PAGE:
As we age, it is important to think about planning for the future and making arrangements for our finances and personal welfare in case we become unable to make decisions for ourselves. One way to do this is by setting up a Lasting Power of Attorney (LPA).
What is a Lasting Power of Attorney?
A Lasting Power of Attorney (LPA) is a legal document that allows you to appoint someone to make decisions on your behalf if you become unable to do so yourself. There are two types of LPA: one for financial affairs and one for health and welfare.
A financial LPA allows your attorney to manage your finances, such as paying bills, managing investments, and selling property, while a health and welfare LPA allows your attorney to make decisions about your healthcare and personal welfare.
Why is a Lasting Power of Attorney Important?
A Lasting Power of Attorney is important because it ensures that your wishes are respected and your affairs are managed according to your wishes, even if you become unable to make decisions for yourself.
Without an LPA certification, your loved ones may have to go through a complex and time-consuming process to get legal authority to make decisions on your behalf. This can be particularly difficult if you are incapacitated or have a progressive condition such as dementia.
Setting Up a Lasting Power of Attorney
Setting up a LPA certification is a relatively straightforward process, but it is important to get professional advice to ensure that your wishes are properly documented and legally binding. Here are the steps involved in setting up an LPA:
Choose your attorney
The first step in setting up an LPA is to choose your attorney. Your attorney should be someone you trust and who understands your wishes and values.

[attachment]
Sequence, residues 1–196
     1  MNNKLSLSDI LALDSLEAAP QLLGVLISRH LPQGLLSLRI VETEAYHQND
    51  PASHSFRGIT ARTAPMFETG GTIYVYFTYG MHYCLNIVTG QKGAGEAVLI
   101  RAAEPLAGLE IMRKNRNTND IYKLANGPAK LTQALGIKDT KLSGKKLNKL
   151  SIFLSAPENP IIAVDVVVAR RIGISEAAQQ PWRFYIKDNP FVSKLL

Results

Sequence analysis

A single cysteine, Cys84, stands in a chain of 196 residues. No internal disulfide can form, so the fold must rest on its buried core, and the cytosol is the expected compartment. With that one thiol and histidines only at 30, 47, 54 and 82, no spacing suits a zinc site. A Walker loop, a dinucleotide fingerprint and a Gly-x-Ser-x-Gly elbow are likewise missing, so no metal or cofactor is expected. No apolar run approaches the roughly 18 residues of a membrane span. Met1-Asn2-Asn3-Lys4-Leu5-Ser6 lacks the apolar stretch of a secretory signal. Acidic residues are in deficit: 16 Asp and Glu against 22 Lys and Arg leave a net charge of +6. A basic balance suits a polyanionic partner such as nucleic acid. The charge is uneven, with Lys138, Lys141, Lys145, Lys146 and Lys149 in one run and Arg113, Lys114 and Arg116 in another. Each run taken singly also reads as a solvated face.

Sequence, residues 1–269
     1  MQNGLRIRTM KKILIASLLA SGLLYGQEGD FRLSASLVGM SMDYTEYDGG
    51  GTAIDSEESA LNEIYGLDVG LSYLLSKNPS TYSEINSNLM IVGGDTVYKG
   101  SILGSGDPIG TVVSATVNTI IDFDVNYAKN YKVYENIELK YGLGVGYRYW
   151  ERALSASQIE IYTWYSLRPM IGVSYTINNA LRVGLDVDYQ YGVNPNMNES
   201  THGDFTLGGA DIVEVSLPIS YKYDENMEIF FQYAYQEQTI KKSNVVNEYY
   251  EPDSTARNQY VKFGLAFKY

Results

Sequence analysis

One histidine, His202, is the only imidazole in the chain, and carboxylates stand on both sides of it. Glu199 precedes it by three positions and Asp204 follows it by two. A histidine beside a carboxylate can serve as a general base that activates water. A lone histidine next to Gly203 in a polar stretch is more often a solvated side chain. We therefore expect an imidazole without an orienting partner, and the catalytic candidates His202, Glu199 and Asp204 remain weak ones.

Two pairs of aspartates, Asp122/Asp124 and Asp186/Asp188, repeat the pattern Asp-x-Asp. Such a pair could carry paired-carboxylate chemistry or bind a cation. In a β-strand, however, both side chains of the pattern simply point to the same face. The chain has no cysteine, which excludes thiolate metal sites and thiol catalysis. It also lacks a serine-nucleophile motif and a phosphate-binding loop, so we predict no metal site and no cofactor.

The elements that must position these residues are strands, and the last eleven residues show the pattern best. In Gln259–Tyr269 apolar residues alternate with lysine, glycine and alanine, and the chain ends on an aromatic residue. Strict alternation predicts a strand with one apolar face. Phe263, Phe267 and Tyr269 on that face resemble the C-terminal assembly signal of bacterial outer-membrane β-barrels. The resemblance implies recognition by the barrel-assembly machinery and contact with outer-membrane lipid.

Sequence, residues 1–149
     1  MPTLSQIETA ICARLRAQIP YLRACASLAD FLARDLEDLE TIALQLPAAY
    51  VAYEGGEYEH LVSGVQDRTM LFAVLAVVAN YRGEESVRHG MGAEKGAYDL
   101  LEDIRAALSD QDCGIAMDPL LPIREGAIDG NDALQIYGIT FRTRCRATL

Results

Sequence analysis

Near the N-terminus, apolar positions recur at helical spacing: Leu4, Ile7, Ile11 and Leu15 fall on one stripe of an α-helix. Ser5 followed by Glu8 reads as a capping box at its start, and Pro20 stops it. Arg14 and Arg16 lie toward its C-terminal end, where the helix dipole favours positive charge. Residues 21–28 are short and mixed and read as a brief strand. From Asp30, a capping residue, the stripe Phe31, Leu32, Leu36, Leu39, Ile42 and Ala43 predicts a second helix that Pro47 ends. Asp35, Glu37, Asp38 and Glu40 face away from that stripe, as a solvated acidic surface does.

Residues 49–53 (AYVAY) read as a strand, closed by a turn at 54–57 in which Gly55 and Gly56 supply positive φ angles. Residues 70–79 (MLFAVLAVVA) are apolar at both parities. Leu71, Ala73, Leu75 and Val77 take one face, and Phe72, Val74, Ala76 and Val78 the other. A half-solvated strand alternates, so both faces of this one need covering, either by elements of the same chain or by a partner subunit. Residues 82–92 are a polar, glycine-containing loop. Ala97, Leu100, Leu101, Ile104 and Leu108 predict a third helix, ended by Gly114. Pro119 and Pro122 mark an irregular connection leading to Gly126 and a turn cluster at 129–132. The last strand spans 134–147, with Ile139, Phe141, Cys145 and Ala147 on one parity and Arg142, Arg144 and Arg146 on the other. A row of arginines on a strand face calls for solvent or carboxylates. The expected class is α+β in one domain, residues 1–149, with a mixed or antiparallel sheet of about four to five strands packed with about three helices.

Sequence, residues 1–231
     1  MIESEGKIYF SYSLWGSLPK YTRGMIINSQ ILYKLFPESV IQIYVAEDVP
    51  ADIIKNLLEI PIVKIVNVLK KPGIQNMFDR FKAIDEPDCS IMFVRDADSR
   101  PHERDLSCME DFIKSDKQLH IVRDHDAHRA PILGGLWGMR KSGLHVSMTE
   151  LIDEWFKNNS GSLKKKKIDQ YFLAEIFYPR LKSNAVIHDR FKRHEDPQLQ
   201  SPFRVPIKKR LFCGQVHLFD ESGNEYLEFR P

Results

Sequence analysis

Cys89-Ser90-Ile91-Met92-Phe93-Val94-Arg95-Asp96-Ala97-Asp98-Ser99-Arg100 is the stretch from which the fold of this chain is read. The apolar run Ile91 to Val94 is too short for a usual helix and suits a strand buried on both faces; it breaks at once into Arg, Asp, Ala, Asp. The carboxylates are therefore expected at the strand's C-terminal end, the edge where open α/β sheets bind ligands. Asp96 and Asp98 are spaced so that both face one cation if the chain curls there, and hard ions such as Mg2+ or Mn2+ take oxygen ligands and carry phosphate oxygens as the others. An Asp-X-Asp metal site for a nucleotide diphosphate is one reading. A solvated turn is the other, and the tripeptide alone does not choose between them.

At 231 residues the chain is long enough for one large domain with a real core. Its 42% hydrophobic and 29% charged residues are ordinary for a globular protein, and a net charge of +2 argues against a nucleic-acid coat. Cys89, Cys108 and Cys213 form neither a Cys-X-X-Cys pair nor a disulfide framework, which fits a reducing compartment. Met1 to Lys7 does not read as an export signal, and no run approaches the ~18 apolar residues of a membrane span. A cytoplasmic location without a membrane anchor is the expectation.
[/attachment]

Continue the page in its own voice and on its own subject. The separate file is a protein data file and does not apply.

Choose your LPA type
You will need to decide whether you want to set up a financial LPA, a health and welfare LPA, or both. If you are unsure about which type of LPA to set up, it is important to get professional advice.
Complete the LPA form
You will need to complete the form and sign it in the presence of a witness. You can choose to appoint more than one attorney, and you can also appoint replacement attorneys in case your original attorney is unable to act.
Register your LPA
Once your LPA is complete, you will need to register it. Often, there is a fee for registering an LPA, but you may be eligible for a fee waiver or reduction if you have a low income or receive certain benefits.
Notify your attorney
Once your LPA is registered, it is important to notify your attorney and give them a copy of the LPA. You should also discuss your wishes and values with your attorney and make sure they understand your preferences and priorities.
A Lasting Power of Attorney is an important tool for planning for the future and ensuring that your wishes are respected if you become unable to make decisions for yourself. By appointing a trusted attorney and setting up an LPA, you can have peace of mind that your affairs will be managed according to your wishes.
It is important to get professional advice and follow the proper legal procedures to ensure that your LPA is legally binding and properly documented. With careful planning and preparation, you can ensure that you and your loved ones are prepared for whatever the future may hold.